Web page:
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Vn47.1 Losing a Tooth 7/20/77

Miriam lost her first baby tooth today. The fact is easily stated,
but to show how Miriam considers this a watershed defining event in her
life requires some elaboration. About a month ago, Miriam visited the
dentist. The occasion was the existence of a small abscess above a dead
tooth (both her top front teeth were killed by a fall she took 2 years
ago). Our dentist in Connecticut had warned us to look for signs of
abnormal eruption when the deciduous teeth should fall and advised us
to see a dentist at once should such a thing occur. An X-ray made
clear that the development was normal, and the dentist predicted, in
response to Miriam’s query, that she should lose some of her teeth
very soon.

In kindergarten a log had been kept of who had lost how many teeth,
and each tooth had become a local event, cause for discussing the exis-
tence of the tooth fairy and her munificence in exchanging money for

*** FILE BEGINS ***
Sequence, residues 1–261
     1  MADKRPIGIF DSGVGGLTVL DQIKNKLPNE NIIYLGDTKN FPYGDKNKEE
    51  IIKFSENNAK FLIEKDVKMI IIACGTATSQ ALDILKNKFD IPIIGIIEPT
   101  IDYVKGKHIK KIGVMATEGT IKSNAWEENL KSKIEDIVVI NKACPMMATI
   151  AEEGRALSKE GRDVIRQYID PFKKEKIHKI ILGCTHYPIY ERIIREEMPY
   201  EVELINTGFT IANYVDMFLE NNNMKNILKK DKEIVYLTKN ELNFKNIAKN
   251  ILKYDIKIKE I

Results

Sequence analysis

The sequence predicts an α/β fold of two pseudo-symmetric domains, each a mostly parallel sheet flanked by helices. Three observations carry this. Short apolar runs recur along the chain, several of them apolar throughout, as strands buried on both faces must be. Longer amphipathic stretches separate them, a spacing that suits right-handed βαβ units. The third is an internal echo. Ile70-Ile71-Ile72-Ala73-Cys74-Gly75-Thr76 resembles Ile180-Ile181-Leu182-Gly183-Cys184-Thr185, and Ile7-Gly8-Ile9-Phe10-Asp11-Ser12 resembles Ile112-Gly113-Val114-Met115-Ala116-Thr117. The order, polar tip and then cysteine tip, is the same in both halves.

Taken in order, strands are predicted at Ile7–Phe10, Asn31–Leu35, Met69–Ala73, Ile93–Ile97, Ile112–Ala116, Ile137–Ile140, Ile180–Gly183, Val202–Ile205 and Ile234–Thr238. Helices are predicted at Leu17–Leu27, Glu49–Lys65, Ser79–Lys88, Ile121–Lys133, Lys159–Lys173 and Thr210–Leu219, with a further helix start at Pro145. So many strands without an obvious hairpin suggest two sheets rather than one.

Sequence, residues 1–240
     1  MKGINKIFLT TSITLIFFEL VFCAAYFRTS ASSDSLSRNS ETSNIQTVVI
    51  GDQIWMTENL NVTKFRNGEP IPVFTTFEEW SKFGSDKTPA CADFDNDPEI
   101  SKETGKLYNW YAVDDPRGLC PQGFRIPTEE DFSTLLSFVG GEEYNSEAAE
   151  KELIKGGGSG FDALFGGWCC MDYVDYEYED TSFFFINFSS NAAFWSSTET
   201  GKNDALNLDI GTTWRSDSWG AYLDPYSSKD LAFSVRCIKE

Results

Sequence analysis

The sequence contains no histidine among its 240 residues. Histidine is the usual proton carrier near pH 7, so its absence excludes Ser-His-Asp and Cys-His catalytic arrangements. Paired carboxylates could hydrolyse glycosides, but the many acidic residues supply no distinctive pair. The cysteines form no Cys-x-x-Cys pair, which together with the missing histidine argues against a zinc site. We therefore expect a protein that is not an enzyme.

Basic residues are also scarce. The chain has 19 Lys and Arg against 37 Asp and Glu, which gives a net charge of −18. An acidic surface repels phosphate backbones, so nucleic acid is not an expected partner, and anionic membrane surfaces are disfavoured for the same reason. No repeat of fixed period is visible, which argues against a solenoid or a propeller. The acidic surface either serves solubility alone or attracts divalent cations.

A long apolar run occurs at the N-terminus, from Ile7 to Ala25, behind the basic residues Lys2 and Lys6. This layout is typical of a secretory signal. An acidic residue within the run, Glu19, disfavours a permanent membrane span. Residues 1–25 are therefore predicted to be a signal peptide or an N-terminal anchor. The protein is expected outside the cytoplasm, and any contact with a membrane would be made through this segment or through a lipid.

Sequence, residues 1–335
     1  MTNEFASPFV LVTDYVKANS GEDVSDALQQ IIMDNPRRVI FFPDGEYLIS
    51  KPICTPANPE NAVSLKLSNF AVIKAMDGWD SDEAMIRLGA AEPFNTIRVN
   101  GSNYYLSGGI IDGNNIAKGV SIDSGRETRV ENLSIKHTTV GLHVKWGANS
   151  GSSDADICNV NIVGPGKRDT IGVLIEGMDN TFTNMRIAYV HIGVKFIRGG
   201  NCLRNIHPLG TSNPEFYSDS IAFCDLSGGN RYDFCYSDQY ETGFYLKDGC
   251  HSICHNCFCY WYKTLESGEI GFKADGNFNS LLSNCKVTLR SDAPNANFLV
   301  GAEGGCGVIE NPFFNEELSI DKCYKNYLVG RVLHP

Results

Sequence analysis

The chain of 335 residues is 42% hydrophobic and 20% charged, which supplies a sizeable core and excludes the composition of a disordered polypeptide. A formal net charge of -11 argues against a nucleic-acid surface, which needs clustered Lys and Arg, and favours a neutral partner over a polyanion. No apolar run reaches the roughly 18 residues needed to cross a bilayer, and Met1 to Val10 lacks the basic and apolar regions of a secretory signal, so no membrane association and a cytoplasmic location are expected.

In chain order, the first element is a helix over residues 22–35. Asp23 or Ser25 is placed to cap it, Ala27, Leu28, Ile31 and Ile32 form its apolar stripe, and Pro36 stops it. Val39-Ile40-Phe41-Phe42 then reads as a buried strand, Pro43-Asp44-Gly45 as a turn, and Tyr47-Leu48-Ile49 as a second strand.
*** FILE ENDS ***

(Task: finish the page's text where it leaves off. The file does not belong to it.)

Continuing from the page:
ejected teeth. Miriam had felt herself lagging behind her peers and
was overjoyed at the assurance her time had come. At that point, Miriam
began worrying her teeth and showing how loose they were.

It was otherwise with Robby. Some two years ago his first tooth
came out and was launched into the world with this gripe: “Hey, I’ve
got a gristle in this banana!” This family story led Miriam to the
frequent observation “If my tooth comes out now I’m going to have a
gristle in my potato,” or chewing gum or whatever. After a month of
such repetitions, she pushed the tooth over and pulled it out with her
fingers.

Having told everyone she met today how good it was that her tooth
came out, Miriam came to see me when ready for bed, just wearing the shorts
from her pyjamas. With a big smile, she said, “Daddy, I’m really a big
girl now,” and pulled in her stomach. “See!” Surprised at first, I
caught on: “Oh, your boobs are getting big now, too?” Miriam laughed
and said, “Yeah!”

Bob

No, sweetheart. You’ll have to wait til you’re about 12.
Miriam

(Surprised and a little disappointed) Oh.

Relevance
This vignette shows a small event, losing a tooth, in the focus of
a protracted and persistent concern. Losing the first tooth is to Miriam
a sign that she is no longer a baby but on the verge of woman-hood.

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